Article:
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Disappointment, trauma, frustration: 3 Black Londoners react to Tyre Nichols’ killing | CBC News

Calls for police reform in Canada and locally in London have seemed to fade, a frustrating fact amplified as members of London’s Black community reel from the killing of Tyre Nichols, 29, in Memphis, Tenn., after a beating by five police officers, activists here say. 

“The whole problem with the policing system isn’t that we need more Black police officers. I think this just exemplifies that, that it’s not about diversity on the force, it’s about the force as a whole,” said Gal Harper, a member of Black Lives Matter London. 

The five Memphis police officers charged with second-degree murder in Nichols’ death are Black and in their 20s and 30s. 

“These were new officers. They were trained the way that new officers are supposed to get trained. This is a diverse force. You’ve got a Black police chief,” Harper told CBC News. “It doesn’t matter the colour of the officers, the fact is this is a problem with policing. To me, they’re all blue.” 

When nearly 10,000 people marched in 2020 following the death of George Floyd, many called for defunding the London Police Service and changing how policing is done in the city. But this year, there’s a push to hire 54 new police officers, a call backed by London Mayor Josh Morgan. 

“Not too long ago, there was a commitment to turning the tide, public expressions from different institutional leaders to embrace reform,” said Moses Latigo Odida, a filmmaker in London. “But we’ve reverted back to the sort of normalcy that, for Black people, we know is detrimental to our well-being. It’s not surprising, unfortunately, but it’s disappointing.”

Promises of reform ’empty’

The broken promises, coupled with seeing more Black men killed, is hurtful, he added. 

“The police have these public statements at the ready that express their commitment to the public good and so forth. But we know them to be empty because when push comes to shove, we know that instead of actually hearing what the Black community is saying and sympathizing with the Black community, they’re hiring dozens more police officers.”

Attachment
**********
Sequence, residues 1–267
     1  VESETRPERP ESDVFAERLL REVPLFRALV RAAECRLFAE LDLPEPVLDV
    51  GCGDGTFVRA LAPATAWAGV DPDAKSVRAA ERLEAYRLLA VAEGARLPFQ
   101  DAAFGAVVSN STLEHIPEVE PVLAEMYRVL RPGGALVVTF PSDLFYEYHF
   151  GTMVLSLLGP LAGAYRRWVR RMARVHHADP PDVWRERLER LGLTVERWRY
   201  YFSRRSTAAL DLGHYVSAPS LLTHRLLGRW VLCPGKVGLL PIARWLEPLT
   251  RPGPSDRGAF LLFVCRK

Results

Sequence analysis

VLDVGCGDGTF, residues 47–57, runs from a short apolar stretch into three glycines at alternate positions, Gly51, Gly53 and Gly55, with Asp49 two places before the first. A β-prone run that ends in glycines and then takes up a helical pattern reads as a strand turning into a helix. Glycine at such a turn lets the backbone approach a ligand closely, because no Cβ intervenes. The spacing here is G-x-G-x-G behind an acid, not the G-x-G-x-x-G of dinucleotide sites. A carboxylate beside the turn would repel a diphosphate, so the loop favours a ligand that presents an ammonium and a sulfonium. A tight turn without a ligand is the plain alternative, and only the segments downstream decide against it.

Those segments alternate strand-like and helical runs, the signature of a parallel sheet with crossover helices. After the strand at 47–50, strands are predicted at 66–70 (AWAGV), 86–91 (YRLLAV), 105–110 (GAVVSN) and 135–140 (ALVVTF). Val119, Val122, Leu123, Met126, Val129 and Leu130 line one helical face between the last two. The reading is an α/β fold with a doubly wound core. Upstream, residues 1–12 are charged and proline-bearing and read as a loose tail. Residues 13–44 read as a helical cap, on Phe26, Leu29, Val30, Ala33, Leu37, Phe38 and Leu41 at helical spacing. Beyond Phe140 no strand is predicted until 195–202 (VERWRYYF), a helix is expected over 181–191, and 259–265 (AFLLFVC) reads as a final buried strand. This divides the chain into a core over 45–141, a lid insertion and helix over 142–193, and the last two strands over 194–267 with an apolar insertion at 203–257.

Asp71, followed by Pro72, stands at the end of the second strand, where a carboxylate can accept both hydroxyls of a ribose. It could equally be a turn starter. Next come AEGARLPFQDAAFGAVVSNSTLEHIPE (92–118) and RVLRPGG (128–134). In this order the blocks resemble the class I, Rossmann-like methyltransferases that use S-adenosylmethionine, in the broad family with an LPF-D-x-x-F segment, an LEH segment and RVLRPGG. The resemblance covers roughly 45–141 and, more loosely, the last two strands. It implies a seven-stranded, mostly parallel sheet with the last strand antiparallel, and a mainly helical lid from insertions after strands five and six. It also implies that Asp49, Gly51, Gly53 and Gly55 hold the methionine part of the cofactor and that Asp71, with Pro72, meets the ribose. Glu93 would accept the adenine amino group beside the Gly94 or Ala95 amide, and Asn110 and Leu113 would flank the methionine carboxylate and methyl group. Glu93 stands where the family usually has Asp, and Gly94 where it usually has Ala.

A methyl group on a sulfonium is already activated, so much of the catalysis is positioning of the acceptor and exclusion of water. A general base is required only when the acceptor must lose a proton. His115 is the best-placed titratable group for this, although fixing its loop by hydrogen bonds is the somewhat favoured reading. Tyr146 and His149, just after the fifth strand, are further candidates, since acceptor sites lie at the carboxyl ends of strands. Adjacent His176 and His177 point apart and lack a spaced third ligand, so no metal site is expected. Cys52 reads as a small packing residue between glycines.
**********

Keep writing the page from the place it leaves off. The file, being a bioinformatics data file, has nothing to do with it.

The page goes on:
London Morning8:32Reaction to police beating in Memphis

Two members of London’s Black Lives Matter group, Gal Harper and Alexandra Kane, join London Morning to share their thoughts on the recent Tyre Nichols tragedy and what still needs to be done to forge equality for black people.

Black organizations such as the Black London Network and Black Lives Matter are making resources available for community members, said Alexandra Kane, who is part of both groups. 

“Black mental health has never been at the forefront of any real conversation about change and the systemic issues that we continue to face,” she said. “I tend to grin and bear it. I have groceries to buy, I have a life to live. But when we start to think about how this really affects us mentally, and in a lot of cases physically, we need to start thinking about how to take care of ourselves and protect ourselves in our mental fortitude so that we can continue to take care of our families and ourselves and each other. 

There’s a familiar feeling of hearing stories of trauma when a public death happens, said Latigo Odida. 

“I couldn’t bring myself to watch this video. I have seen the video of Tyre Nichols’ family, of his community, and I don’t need to have watched it to grieve with them, to feel that set of emotions,” Latigo Odida said. “As Black people, we are held together by a principal called Ubuntu, that I am because we are. Even though I am a Black person in London, Ontario, and we see a Black body being bruised and murdered in Memphis, we are bound together.” 

Latgio Odida also wants others in the Black community to know the Zulu phrase ‘Sawubona,’ which means ‘I see you.’ “We see you. I know that Black Londoners here and beyond are feeling all these same things that I keep feeling, and to Black people, I say, ‘I see you.’ They’re feeling trauma, they’re grieving, and the pain is real.”


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